Nearly six months ago Duncan Watmore celebrated his birthday. Fortunate enough to be on the right side of thirty, at twenty five years old he has been employed by Sunderland AFC for six years, and in that time has made a grand total of sixty six appearances for the senior team, scoring six goals in all competitions.
When the old regime renewed Watmore’s contract in 2015 no one could have predicted the horrendous downturn that would come next. For the last four years Watmore has been the proverbial ‘walking wounded’, yet still he’s due to remain on the payroll until his contract runs down in 2020.
Rewind back to those bygone days of Premier League mediocrity and you’ll occasionally glimpse a winger with feet so fast Sam Allardyce nicknamed him “The Road Runner”. While not the fastest off the mark his top speed is truly awesome - a trait that on the face of things is invaluable for a forward. Somewhat ironically - and sadly - though, the lad shares more in common with Road Runner’s arch nemesis - the infamously calamitous Wile E. Coyote.
It would come as no surprise then if the powers that be at Sunderland AFC wanted rid. Now surely one of the highest earners at the club, Watmore occupies a space previously reserved for players that have drawn more ire - rightly so - from the fans by their prolonged absence from the pitch.
Frankly, like others in his position all over the world, Watmore is in a good spot. The perverse nature of employment contracts within the game guarantee him a handsome salary for the duration of his contract, or a juicy lump sum should the club choose to unburden themselves of his deal - regardless of whether or not he’s actually capable of doing his job for Sunderland.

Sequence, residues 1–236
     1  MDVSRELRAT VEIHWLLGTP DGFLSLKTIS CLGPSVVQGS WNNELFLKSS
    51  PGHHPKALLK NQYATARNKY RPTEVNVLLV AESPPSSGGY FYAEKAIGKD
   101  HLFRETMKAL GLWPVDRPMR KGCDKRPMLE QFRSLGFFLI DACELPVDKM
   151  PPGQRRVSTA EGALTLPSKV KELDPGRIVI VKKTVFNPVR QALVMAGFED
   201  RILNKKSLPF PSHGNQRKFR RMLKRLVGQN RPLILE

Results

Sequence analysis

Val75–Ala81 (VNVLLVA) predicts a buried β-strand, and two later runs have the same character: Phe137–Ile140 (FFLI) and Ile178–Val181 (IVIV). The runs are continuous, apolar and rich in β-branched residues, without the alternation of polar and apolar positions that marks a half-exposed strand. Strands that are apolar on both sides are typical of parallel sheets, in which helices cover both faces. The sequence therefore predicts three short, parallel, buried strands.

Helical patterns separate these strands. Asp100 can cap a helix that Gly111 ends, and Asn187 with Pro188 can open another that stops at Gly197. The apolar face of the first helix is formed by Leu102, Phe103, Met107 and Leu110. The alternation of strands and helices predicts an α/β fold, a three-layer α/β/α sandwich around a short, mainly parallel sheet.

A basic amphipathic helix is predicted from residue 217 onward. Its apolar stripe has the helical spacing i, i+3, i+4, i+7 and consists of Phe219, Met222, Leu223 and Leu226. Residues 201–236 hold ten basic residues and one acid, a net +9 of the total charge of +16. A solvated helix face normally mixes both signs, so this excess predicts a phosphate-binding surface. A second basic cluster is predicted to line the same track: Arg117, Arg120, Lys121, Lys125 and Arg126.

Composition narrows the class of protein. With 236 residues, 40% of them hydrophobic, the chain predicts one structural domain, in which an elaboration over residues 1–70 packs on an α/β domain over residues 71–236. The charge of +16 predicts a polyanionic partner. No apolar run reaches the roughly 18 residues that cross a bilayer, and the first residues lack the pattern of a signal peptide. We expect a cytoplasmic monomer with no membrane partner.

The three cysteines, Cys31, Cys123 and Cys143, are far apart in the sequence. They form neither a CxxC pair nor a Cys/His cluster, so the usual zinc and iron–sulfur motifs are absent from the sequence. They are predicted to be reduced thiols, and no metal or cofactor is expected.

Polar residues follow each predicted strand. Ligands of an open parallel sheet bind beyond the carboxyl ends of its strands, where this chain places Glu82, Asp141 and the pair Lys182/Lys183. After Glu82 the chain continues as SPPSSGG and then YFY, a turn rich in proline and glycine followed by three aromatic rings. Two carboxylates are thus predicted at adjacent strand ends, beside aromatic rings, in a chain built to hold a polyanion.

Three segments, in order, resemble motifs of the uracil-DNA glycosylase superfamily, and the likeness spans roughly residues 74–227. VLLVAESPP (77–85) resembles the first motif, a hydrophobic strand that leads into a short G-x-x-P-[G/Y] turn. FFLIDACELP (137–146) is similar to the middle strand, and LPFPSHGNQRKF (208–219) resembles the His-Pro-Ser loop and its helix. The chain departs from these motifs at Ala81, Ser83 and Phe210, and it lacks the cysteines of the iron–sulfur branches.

It’s no secret that transfer business this season has been blighted by strictly imposed restrictions on the squad wage budget. “One in, one out” has been the order of the day, and some might argue that we still haven’t achieved anything close to readiness in terms of preparing for our assault on the league table.
In circumstances like this would it even be reasonable to not consider the presence of Watmore and any players like him when considering our desire - nay, need, to progress from this division almost as quickly as we arrived in it? Would it be fair to judge the work done by Tony Coton and his cadre of merry scouts without at least allowing for the conversation to be had, in which we discuss the ethics of holding on to a salary when the institution paying it depends on shrewd fiscal decisions and rigid margins in order to salvage the pride of a city?
Of course, I would be remiss if I truly blamed Duncan Watmore for the precise details of his contract. There are a half dozen other doors at which to lay the blame for financial mismanagement and short-term fixes not really fixing anything. It’s hard to not feel bitter though. Ultimately, nobody is daft enough to think that Duncan wants to be anywhere but on the football pitch - it’s just that his fragile body unfortunately does not allow him.
There are nine words that are so commonly heard among football fans that we should relabel them an adage: “you would do it if you had the chance”. It suggests quite simply that were any sane person faced with the rather unique choice of cutting their losses and walking away from a job for a reasonable sum of compensation when their employer is hampered by their contract and lack of performance, or digging their heels in and squeezing every drop of juice from that mismanaged orange, they would choose the former option.